It is difficult to think of a cricketer as stubborn as Fender. He wanted to resign as Surrey captain in 1931, insisting the committee to appoint Jardine as captain. 
The committee did not agree. But Fender was Fender.

In one match, Lancashire batted immediately after rain. Every ball caused a dent on the pitch, which spelled doom for Surrey, who would have to bat last. Fender asked his players to walk on the pitch after every ball strategically to smoothen out the dents. Ther was nothing in the laws that prevented him from this (the cricketers were not running).

Hampshire were batting very slowly in the next match. Fender did not approve of this. So he pushed every fielder to the fence and started bowling underarm lobs. After every run he made sure deep square-leg and deep point walk very slowly to swap places (there was a right-hand-left-hand combination).

In the next match, Kent set Surrey 204. Fender called for a suicidal single, was run out first ball, and asked his teammates – Hobbs and Sandham included – to play for a draw for no reason whatsoever.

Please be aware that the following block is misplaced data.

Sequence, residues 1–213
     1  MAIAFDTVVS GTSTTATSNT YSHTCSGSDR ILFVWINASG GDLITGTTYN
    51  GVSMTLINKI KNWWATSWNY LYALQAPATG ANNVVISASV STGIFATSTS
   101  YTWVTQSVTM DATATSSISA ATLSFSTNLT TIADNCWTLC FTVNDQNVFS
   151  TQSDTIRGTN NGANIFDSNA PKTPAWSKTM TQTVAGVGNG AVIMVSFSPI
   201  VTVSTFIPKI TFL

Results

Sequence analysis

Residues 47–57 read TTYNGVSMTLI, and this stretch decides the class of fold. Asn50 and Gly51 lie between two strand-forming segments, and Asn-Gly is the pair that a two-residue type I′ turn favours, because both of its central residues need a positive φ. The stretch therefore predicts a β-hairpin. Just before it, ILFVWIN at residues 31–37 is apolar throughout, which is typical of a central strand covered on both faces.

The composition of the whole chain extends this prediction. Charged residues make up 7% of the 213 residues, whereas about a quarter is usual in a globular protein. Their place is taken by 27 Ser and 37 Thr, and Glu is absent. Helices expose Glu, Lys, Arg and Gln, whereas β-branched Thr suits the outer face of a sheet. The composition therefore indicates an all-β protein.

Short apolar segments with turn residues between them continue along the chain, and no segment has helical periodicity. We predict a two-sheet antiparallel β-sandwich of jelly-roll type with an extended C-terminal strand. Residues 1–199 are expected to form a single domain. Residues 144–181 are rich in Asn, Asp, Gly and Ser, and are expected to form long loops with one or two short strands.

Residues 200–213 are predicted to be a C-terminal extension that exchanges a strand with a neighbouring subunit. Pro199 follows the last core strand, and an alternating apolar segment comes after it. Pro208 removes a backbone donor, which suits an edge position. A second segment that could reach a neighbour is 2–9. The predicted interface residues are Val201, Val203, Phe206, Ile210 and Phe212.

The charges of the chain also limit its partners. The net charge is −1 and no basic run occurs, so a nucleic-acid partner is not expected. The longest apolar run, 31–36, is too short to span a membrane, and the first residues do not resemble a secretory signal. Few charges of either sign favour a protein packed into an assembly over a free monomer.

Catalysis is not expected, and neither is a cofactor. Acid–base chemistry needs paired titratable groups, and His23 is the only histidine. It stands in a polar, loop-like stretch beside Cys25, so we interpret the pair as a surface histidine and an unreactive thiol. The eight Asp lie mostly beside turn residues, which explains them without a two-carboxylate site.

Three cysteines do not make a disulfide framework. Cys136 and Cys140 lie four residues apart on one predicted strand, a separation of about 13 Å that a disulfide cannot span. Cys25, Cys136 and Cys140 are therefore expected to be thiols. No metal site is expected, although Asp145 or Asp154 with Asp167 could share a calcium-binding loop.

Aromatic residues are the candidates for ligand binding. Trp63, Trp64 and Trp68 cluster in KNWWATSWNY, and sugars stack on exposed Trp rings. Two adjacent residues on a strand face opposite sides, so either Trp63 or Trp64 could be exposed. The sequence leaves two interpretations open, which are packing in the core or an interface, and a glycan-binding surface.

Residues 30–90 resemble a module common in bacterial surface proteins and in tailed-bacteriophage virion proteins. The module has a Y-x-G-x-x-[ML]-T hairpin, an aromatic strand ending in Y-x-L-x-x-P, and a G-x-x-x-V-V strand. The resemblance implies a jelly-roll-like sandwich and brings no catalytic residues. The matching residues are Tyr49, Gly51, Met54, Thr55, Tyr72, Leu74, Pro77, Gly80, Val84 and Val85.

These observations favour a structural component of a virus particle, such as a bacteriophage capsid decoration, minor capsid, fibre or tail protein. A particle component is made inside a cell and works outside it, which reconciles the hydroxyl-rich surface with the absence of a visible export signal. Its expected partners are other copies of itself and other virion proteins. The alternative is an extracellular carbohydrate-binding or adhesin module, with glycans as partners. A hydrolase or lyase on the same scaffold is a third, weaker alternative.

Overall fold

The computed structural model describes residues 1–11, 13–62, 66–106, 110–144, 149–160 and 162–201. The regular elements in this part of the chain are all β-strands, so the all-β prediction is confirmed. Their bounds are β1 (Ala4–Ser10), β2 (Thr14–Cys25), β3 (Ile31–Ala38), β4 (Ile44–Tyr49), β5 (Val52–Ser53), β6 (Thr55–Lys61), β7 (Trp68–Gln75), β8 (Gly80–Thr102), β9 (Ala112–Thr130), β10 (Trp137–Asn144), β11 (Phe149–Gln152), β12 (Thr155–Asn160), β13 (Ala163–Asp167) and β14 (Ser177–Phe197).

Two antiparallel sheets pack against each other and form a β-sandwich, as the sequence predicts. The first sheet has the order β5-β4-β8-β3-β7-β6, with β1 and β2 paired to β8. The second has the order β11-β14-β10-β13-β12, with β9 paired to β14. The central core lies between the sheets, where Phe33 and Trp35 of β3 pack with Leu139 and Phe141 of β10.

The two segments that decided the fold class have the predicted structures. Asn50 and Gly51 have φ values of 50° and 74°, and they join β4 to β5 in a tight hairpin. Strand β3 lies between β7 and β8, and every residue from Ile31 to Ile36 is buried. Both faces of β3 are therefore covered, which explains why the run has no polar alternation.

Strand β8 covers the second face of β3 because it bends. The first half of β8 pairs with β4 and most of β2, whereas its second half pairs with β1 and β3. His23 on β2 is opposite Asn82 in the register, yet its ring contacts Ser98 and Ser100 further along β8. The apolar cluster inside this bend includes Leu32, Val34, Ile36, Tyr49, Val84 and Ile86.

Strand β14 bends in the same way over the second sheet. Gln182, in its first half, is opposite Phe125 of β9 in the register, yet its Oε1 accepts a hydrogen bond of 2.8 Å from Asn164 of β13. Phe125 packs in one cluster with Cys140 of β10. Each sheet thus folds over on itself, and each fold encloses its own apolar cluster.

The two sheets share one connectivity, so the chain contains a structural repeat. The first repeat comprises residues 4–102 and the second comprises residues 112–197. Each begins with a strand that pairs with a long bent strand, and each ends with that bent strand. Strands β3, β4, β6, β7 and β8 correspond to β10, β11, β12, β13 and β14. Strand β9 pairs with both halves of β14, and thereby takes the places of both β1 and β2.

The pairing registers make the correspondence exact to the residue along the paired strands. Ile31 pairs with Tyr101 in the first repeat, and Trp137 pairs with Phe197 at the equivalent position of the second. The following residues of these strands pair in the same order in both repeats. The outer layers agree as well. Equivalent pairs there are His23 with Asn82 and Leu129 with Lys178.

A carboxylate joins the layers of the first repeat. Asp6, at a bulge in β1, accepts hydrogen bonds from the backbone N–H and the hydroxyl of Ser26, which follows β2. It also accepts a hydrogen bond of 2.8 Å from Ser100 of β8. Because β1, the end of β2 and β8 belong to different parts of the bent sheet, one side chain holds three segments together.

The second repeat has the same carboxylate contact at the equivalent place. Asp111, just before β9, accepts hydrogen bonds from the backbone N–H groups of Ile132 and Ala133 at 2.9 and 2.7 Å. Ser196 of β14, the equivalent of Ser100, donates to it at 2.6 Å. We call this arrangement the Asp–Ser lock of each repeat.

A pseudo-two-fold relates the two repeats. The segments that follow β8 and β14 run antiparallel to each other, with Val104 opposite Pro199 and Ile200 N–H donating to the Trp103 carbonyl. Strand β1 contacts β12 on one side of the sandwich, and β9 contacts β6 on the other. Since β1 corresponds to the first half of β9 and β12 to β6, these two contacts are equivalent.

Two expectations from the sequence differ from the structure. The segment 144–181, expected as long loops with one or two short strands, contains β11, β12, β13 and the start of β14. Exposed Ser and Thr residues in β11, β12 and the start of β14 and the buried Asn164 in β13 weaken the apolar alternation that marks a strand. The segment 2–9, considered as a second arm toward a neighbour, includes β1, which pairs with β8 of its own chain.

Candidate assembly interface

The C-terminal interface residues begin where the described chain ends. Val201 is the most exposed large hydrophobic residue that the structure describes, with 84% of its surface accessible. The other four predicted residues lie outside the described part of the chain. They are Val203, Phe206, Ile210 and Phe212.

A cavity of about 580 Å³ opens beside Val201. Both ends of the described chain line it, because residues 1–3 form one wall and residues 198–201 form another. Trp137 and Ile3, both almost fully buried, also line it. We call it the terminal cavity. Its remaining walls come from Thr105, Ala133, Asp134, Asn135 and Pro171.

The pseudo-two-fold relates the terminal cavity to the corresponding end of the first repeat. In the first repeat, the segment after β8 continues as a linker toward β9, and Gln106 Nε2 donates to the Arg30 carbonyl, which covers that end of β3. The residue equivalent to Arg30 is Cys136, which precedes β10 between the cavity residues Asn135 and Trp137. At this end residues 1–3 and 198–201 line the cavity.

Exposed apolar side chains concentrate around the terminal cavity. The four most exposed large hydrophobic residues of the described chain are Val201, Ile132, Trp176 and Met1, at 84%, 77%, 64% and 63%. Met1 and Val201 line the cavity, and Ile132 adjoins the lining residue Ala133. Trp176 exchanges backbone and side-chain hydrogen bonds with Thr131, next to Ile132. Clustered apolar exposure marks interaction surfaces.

A month later, Fender walked out while fielding after 3 overs. He requested Greenwood, the Yorkshire captain, to call the match off because the bowlers' footmarks were not okay. He failed to convince Greenwood but the umpires gave in. This provoked to a 5,000-strong crowd to pull off a near-riot. The authorities finally got the match underway (Fender did not like this). Thankfully, Hobbs and Sutcliffe both scored hundreds, and the spectators were happy.

But he had done enough. They sacked him after the season.

Fender, an amateur, also went out of his way to end the amateur-professional bar in Surrey cricket. He tried to abolish separate meals and dressing-rooms. He might have sacked had Hobbs not intervened (“with respect, Mr Fender, we like to talk about you and laugh at what you’re going to do next”).

Fender strode out to bat at Lord’s through the gate reserved for professionals. Lord Harris was not amused: “We do not want that sort of thing at Lord’s, Fender.”

Fender managed to annoy Harris, probably the most influential man in England cricket at that point, multiple times.